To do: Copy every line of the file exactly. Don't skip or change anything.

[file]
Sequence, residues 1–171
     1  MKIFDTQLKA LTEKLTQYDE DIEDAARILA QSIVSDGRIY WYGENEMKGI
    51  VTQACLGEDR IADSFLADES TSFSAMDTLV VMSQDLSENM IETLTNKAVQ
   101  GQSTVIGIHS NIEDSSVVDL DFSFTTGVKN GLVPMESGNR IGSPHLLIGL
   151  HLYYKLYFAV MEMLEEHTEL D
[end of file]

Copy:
Sequence, residues 1–171
     1  MKIFDTQLKA LTEKLTQYDE DIEDAARILA QSIVSDGRIY WYGENEMKGI
    51  VTQACLGEDR IADSFLADES TSFSAMDTLV VMSQDLSENM IETLTNKAVQ
   101  GQSTVIGIHS NIEDSSVVDL DFSFTTGVKN GLVPMESGNR IGSPHLLIGL
   151  HLYYKLYFAV MEMLEEHTEL D